July 9, 2014 · 7:30 PM
Due to the heavy demand to attend our meeting on June 25th on Migration and Education with the Migration Museum Project we are now also running this webinar to involve those who will be unable to attend because of lack of places and also for those who did attend and want to follow up.
The project is working with schools and invites members of GlobalNet21 to discuss with them through a series of conversations what the education priorities of the MMP should be for the second year of its life? This will be a webinar conversation
· What should migration teaching focus on?
· Which subjects should be focused on?
· What responsibility does a school have to enact the 'cohesion agenda' and how can this be managed?
· If audience members were to return to school - but in today's context - how would they want these themes to be communicated?
· Does the audience know or have experience of other projects / initiatives on these themes that could work in a school environment?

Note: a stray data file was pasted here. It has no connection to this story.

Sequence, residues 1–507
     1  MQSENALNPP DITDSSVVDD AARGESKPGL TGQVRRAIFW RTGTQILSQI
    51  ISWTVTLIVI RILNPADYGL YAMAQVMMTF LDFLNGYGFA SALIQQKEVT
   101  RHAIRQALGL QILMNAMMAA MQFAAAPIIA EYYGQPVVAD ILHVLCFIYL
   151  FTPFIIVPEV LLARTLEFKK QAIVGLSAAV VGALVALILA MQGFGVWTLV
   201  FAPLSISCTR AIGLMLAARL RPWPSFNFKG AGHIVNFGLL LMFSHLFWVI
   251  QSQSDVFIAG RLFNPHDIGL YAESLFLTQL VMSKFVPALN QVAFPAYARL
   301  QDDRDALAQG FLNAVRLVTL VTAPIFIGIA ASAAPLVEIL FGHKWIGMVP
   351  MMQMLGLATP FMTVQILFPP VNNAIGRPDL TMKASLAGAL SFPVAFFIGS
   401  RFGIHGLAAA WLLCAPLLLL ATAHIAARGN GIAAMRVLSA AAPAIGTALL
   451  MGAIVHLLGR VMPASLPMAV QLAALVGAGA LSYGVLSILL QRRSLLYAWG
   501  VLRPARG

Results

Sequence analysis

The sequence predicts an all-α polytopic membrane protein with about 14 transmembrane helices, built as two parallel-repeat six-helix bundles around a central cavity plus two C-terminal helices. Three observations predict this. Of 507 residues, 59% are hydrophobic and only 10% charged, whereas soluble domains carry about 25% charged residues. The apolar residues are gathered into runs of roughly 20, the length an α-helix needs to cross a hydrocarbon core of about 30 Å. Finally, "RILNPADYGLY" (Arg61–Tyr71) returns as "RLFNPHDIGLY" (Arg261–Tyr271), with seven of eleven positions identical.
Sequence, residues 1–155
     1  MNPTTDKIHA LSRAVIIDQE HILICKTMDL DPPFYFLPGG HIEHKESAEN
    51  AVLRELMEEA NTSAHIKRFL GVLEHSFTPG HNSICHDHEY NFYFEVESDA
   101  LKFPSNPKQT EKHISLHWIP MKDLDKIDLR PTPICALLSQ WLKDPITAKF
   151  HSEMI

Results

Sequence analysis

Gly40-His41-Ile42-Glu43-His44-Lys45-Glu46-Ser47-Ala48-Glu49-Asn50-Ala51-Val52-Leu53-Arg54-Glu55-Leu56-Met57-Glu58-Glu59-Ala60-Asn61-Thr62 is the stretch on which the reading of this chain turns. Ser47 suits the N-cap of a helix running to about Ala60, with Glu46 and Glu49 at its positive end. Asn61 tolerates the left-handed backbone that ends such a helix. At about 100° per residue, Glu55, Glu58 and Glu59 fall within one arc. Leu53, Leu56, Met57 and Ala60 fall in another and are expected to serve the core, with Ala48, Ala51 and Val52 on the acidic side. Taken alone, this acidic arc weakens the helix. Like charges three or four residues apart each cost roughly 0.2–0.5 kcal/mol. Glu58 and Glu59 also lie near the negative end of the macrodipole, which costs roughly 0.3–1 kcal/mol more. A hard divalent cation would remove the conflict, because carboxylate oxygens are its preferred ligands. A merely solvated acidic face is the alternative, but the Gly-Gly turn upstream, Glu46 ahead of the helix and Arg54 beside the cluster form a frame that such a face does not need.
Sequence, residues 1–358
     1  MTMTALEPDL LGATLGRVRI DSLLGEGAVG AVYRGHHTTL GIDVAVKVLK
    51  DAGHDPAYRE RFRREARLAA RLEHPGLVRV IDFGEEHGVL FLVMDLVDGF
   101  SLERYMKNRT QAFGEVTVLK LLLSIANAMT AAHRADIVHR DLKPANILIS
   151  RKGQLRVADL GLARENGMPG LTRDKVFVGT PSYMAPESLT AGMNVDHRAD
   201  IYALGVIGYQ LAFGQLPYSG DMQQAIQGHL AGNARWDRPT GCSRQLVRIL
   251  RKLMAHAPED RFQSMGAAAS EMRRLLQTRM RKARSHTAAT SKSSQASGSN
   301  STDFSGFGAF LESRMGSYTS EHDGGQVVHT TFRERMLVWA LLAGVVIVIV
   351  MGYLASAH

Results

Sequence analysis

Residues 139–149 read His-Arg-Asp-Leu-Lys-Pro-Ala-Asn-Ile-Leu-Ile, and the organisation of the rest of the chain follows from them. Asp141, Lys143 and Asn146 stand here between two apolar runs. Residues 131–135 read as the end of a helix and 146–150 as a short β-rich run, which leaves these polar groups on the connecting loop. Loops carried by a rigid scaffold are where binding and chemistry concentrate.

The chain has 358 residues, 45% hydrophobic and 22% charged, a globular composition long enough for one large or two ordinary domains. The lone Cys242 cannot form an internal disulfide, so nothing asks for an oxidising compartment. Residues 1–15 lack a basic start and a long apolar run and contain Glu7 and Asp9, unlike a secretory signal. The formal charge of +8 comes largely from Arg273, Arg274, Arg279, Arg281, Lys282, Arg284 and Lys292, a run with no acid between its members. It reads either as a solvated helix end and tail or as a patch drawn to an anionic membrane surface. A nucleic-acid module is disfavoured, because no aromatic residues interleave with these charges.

This is an opportunity for members of our network together with the Migration Museum project to explore our shared cultural history and to discuss the role of schools and education in reflecting this shared history in a positive way.
The museum will be an enquiry into who we are, where we came from and where we are going. Britons at home and abroad have a shared cultural history and an exciting future. The Museum aims to represent the thrilling tales, the emotion and the history that have gone into shaping our national fabric.
They have invited us to join them in this venture and we hope you will take part in this first conversation about our shared past, present and future.
Emily Miller will run the webinar and she is the Education Officer of the Migrant Museum Project will lead the discussion. Emily joined the Migration Museum Project from a background in education and youth development work.. More recently she has been pursuing her interest in young people and conflict resolution by working at Seeds of Peace summer camps, which bring teenagers from the Middle East and South Asia together in America, and taking an MA in Conflict Resolution in the Peace Studies division at Bradford University, where her dissertation focused on young people’s attitudes to diversity in France and the UK. She joins us after eight months’ co-ordinating projects for an international youth network NGO in the Hague.